Well, We’re Expecting Baby A… B… C?! Surrogate Pregnancies with Multiples

Due to the likelihood of many embryos being transferred during IVF, it is fairly common for many gestational surrogate pregnancies to result in twins or triplets. For some infertile couples, the possibility of having more than one child may seem like a dream come true. However, multiple child pregnancy is associated with an increased risk for different kinds of complications, both for the surrogate mother as well as the babies she is carrying.

Although there is no guarantee that there will be multiple babies because of several embryo transfers, both the Intended Parents and Surrogate should be prepared. It is recommended to discuss the possibility of multiple babies as well as selective reduction concerns during the contract stage to make sure all parties involved are on the same page. Additionally, the Intended Parents and Surrogate should be aware of the potential complications at hand when expecting multiple babies.

  • Premature birth. The greatest risk associated with multiple pregnancies is the increased odds of the babies being delivered prematurely. Babies born prematurely may not be ready for the outside world, which increases their chances of experiencing health problems. Their lungs, brain, and other organs may not be fully developed, and their immune system may not be ready to fight off infections.
  • Low birth weight. Low birth weight babies often have trouble breathing on their own. They may not be able to control their body temperature or put on weight easily. Almost all low birth weight babies have to spend time in a neonatal intensive care unit before they can go home.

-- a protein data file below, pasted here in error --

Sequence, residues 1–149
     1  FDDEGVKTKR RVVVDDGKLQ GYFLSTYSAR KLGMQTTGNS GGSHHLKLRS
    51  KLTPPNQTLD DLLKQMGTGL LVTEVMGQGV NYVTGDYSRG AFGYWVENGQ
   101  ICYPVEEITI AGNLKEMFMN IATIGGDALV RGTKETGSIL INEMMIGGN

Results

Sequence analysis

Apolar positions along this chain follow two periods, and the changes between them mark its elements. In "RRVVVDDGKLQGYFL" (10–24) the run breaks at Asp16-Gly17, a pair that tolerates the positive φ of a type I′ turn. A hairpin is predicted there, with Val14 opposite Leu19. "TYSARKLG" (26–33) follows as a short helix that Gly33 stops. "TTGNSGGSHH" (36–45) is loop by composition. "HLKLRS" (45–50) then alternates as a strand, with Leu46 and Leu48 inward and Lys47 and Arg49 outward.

• Gestational diabetes. This is much more common among women carrying multiple babies. When closely monitored, blood sugar levels can be kept under control with proper diet, exercise, and insulin shots if needed. Poorly controlled gestational diabetes can have serious consequences on both the surrogate mother as well as the babies she is carrying.
  • Preeclampsia. This disorder is characterized by high blood pressure and excess protein in the urine and is twice as common in women carrying more than one baby. Preeclampsia can be especially severe, affecting many organs and cause serious or even life-threatening health issues.
  • Placental abruption. This occurs when the placenta detaches from the uterine wall before delivery. It is much more common in multiple pregnancies and can happen any time during the second half of pregnancy, potentially leading to growth problems, premature delivery, or stillbirth. In multiple pregnancies, abruption is especially common just after the first baby has been delivered vaginally. Once abruption has occurred, the other baby or babies may have to be delivered by cesarean section.

Openly discussing your stance on multiple pregnancies and the risks associated with them is a critical conversation to have with your Surrogate or Intended Parents. Although multiple pregnancy is risky, many methods are available to reduce the likelihood of a multiple pregnancy happening. If you would like more information on multiple pregnancy or gestational surrogacy in general, please contact the experts at Surrogate Solutions today!




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